From my observation, I'd say there are 3 kinds of women...
These women, (whether they think of themselves as feminists or not), are the one group of women who will look at men in general and say "C'mon son! You know you can do better!" These are women after my own heart intellectually.
If you try to hold a black man responsible for his own actions, or for something he did wrong, these women will swoop down from on high and claw your eyes out. They will then proceed to make excuses for said man, and will lastly find a woman to blame for his actions. You can set your watch by it. You KNOW what kind of sons they are raising at home. Also known on Facebook as Handmaidens.
The Magical Sisters
These women don't give a damn about feminism, equality, or what's fair. They only care about what works. They have observed men in real life long enough to know how they function, and what works with them. Either that, or they have received wisdom passed down from a long line of women that know how to successfully deal with men. They could almost be coddlers in the way that they sometimes cater to men, but they usually do it as a fair exchange with their man, or towards an end. For example, if they want their man to come home at night and take care of his family, they make an effort to do the things that make him want to come home.
Once, I knew an "magical sister" from Trinidad. A mutual friend of ours had a skin problem, and she knew some home remedies that could help take care of it. Now, this was not even her man, but she lovingly attended to his skin in a way most people would have shied away from. As she did it, she looked at me and said in that accent of hers, "You know, men are like children." Meanwhile, dude just sat there grinning. He then pointed to her and told me that she knew how to treat a man.
Now, if anybody compared me to a child I'd be pissed, letting them know I'm a grown-ass woman. But not him. And I bet for those men who would be offended, she would somehow know not to say that about them. The "magical sister" knows what works, and not just in a general way, either. She knows how to find the key to what makes any man tick.
Now, I don't think we should have to be magical sisters. I want to argue and yell at the men to "man up" and do right all by themselves, but how can I argue with success? So while the feminists have approval in my head, the "magical sisters" have admiration from my heart.
In all the things I have learned about Afrikan people, I find that this is just our way. We are not given to loads of theories like European people are, and they used to put us down because of this. Rather, we are geared towards real life...what works. Anything less, and you spend your time chasing your own tail in failure.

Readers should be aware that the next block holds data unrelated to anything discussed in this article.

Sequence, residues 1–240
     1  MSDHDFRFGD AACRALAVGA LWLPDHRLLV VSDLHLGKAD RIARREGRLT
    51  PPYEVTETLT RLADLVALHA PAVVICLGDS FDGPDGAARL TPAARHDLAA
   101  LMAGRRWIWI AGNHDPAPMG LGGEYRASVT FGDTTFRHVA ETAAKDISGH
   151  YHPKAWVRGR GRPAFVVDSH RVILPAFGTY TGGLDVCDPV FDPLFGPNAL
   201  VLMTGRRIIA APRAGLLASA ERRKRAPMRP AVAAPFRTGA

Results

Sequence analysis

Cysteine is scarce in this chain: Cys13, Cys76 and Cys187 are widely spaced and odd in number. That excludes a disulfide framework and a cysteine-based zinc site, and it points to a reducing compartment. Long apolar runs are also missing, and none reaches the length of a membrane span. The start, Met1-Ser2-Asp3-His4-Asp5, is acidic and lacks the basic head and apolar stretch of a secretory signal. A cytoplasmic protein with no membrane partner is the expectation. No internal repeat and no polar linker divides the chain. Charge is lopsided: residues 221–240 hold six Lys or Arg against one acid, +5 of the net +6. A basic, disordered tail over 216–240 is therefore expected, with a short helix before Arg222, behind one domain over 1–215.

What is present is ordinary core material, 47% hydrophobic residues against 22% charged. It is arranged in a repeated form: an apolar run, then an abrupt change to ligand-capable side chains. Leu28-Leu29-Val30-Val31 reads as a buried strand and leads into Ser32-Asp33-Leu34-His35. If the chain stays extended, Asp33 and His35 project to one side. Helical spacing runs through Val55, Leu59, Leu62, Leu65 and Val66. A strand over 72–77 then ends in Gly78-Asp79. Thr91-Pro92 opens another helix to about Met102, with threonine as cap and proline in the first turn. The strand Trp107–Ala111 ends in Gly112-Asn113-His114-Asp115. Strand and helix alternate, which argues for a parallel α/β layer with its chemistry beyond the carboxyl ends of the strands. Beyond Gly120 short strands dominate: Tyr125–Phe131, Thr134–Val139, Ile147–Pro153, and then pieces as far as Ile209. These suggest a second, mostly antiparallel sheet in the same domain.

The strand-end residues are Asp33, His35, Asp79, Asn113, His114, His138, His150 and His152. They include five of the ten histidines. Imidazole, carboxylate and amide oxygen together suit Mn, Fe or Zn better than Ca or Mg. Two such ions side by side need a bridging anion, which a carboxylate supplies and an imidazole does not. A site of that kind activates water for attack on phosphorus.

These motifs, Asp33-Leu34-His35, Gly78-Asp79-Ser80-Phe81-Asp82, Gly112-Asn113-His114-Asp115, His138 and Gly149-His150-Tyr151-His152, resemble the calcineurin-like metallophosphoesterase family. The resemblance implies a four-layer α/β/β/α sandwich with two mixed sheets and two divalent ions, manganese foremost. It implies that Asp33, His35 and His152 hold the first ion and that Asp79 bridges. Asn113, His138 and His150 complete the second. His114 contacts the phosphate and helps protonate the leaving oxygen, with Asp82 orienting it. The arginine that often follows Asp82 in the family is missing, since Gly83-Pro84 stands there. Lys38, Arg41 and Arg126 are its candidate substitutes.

You know what else? Do you remember Shahrazad Ali who wrote The Blackman's Guide to Understand the Blackwoman back in the 80's? Remember there was so much controversy, because many found her to be truthful, while others did not?
Well I think she was going for being a "magical sister". I could kinda tell she didn't buy all of her own spiel. But I think she was trying to tell black women that if we did the things she recommended, we could start having better results with our men. I remember her pleading that our men were beating us and killing us so taking a little slap from time to time would be better in comparison.
I think her religion is one of the things that kept her perspective from being more balanced and more realistic, but I think the "magical sister" way of doing things is what she was trying to preach, albeit not quite successfully.
I'm writing all of this because we all have our ways. Some of us are intellectuals and philosophers and we find ourselves gravitating towards feminism, Dark Goddess philosophy, being free spirits or rebels. Some of us are coddlers, or womanists, or followers of the crowd.
But the way of our ancestors at it's foundation is to allign ourselves with reality, and with what works. That's the way to a successful life.
So if we have talked our way, thought our way, or followed our way into something that is not working for us but has become our comfort zone, maybe it's time to consider re-examining what we are doing. The best way I know is for us to dialogue with one another and compare notes.
Below is an example of someone I consider to be a "magical sister". She believes in catering to her man, but she is more balanced that Shahrazad Ali because what she does is not to her detriment.
Notice that she never says women can't do the things they want to do, or that they shouldn't, or that they should be a doormat. Notice also where she gets her info from...from observation of real life and what works. Notice that she says if your man is acting out all wrong that this video's advice is not for you, and so on.
See what you think, and let me know.